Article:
Pineapple Bun (Taiwanese Style)
Pineapple bun is one of the most popular and classic buns in Taiwan bakeries. In this recipe I'm showing you how to make this bun at home with a result that will be even better than what you get from the Asian bakery.
Servings: 8 buns
- 30 g boiling water 2 tbsp
- 25 g bread flour 2½ tbsp
- 70 g unsalted butter 5 tbsp, softened but not too soft
- 60 g powdered sugar ¼ cup + 2 tbsp
- 25 g beaten egg use the rest of the egg from making bread dough
- 100 g bread flour ¾ cup + 1 tbsp
- 15 g dry milk powder 2 tbsp, see note
- 250 g bread flour 2 cup
- 30 g cake flour ¼ cup, see note if you don't have cake flour
- 10 g dry milk powder 1 tbsp, optional
- 30 g sugar 2 tbsp
- 15 g honey a little bit less than 1 tbsp
- 1 tsp instant yeast preferably saf instant yeast
- 25 g beaten egg from a large egg ½ large egg, ⅛ cup, save the rest for making cookie top
- 80 g cold whole milk
- 60 g cold water cannot be replaced with milk
- all tanzhong paste
- 4 g sea salt ½ tsp
- 30 g unsalted butter cut into 6 - 8 pieces
Make Tanzhong the Night Before
Measure 25 grams of bread flour in a bowl. Set the kitchen scale to zero with the flour and bowl on it and pour in 30 grams of boiling water. Stir until combined to form a sticky dough.
Let it cool down before storing in the fridge overnight or for 8 hours. Use it within 24 hours.
In a bowl, mix butter and powdered sugar together with a spoon or spatula. Add the egg mixture in three batches into the mixture, incorporating one batch before adding the next. An egg beater is recommended for this process.
Add bread flour and dry milk powder, fold a few times until the butter mixture is all coated with flour before pouring onto a working surface.
Use a bench knife (dough cutter) to fold and press with your palm until the flour and the butter mixture are well combined. You can also do this in a big mixing bowl and use a spatula to press and fold until you can't see any dry flour.
Place the cookie top mixture on a piece of plastic wrap and roll it into a log. Twist the two ends to seal and store it in the fridge until ready to use.
Add all the ingredients for the dough except for sea salt and butter into the stand mixer and knead on low speed until the dough is formed.
Cover the mixing bowl and let it rest for 30 minutes.
When it's done resting, add salt and continue to knead the dough on low for 30 seconds
Add butter cubes one at a time and knead until the dough is very smooth and passes the windowpane test. (This step usually takes me about 6-7 minutes, with 5 minutes on low speed and 1 -2 minute on medium speed. The actual time it takes you depends on your mixer.)
Form the dough into a ball (it will be very sticky, but if it's too sticky to handle, then add a little bread flour and knead for another 1~2 minutes) and put it in a lightly greased bowl. Cover, and let it rise for 1 hour to 1.5 hours in a warm place (about 82°F to 90°F) until it doubles in size.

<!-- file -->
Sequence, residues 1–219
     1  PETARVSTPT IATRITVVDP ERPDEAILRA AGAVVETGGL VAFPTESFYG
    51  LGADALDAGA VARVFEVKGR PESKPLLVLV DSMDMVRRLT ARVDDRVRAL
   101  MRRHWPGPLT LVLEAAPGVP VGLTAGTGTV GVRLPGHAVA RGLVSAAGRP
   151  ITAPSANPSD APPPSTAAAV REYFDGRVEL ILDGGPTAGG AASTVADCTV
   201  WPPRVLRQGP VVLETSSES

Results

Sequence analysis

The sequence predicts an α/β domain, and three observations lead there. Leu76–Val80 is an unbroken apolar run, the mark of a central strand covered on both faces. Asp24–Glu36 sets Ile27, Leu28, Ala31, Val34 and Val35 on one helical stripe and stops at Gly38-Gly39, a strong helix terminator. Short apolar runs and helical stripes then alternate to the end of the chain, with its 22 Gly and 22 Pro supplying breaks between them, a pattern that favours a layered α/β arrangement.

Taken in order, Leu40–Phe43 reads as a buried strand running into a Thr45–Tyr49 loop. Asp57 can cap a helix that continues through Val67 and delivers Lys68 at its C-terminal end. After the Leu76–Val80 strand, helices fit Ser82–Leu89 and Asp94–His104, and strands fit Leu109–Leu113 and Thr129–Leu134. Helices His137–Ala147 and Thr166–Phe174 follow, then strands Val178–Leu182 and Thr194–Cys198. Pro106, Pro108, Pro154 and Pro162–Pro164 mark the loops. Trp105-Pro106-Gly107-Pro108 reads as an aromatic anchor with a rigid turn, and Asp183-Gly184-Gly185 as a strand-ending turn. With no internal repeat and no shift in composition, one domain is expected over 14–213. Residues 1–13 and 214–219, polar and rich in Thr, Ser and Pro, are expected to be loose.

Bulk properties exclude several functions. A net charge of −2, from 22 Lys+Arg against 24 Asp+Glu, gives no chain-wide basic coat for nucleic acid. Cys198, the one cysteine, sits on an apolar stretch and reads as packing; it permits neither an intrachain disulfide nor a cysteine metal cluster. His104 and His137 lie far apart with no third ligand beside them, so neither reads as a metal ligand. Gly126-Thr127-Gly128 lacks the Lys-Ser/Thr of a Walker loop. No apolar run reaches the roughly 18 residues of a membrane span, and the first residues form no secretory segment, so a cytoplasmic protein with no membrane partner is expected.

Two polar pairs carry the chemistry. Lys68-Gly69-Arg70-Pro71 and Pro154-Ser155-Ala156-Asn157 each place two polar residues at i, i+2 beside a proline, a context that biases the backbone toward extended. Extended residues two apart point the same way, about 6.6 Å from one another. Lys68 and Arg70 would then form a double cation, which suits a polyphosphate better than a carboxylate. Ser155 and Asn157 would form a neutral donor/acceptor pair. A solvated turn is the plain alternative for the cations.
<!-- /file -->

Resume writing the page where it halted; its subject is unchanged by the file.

Transfer the dough onto a working surface and cut it into 8 even pieces. Flatten the dough to deflate it before rolling each piece into a ball.
Take the cookie dough out from the fridge and cut it into 8 even pieces.
Take one piece and roll it into a ball, put it between the plastic wrap and press it down with the bench knife to form a disk. I prefer having the cookie top covering the entire surface of the bun, so I usually press the edges down with my fingers to make it bigger and thinner before cover it on the bun.
Place the cookie dough on the bun and wrap it over the top side carefully. Make sure to let the cookie dough stick directly to the bun dough without any gaps. Repeat the same for the rest of the buns and place them on a lined baking tray with 2½" (6 cm) space between each. If you cannot work fast enough before the cookie dough begins to soften, store half in the fridge until you are ready to work on them.
Use a bench knife to make the classic criss cross patterns on the top of the buns if you like. You can also just let it split naturally after proofing, depending on your preference.
Cover with plastic wrap and let it rise in a warm place (around 80-85°F) for around 60 minutes or until the expanding dough causes cracks/separation in the cookie top.
Preheat the oven to 375°F (190°C) towards the end of the proofing process.
Brush the top with egg wash or dust a layer of powdered sugar. Bake for 16 minutes or until the top is golden brown and crispy.
Place the buns on a cooling rack and let it cool down for 5 minutes before enjoying.
Adding cake flour allows the buns to have softer and lighter texture; however, if cake flour is not available to you, you can replace it with all purpose flour.
Milk powder provides the aroma to the cookie top, but if you don't have it, you can add 20 g of sweetened condensed milk instead and increase the amount of bread flour to 120 g.
If you are not eating these on the first day, I would recommend storing them in the freezer once they’re cool in order to maintain the best texture. When you want to eat them, just bake in the oven at 350°F (180°C) for 8-10 minutes. The cookie top will become crispy again once it cools down a little. Don’t store these in the fridge, or else they will become dry and stale.
If you make this bun on a very humid day, you will likely need to add more flour when kneading. Add 1 tbsp at a time until you can lift up the dough and form it into a ball while the dough still remain very soft. After you form the dough into a ball, it shouldn't stick on your hand when you touch it with clean hands.
Calories: 350kcal | Carbohydrates: 52g | Protein: 9g | Fat: 12g | Saturated Fat: 7g | Cholesterol: 52mg | Sodium: 227mg | Potassium: 118mg | Fiber: 1g | Sugar: 15g | Vitamin A: 430IU | Vitamin C: 1mg | Calcium: 63mg | Iron: 1mg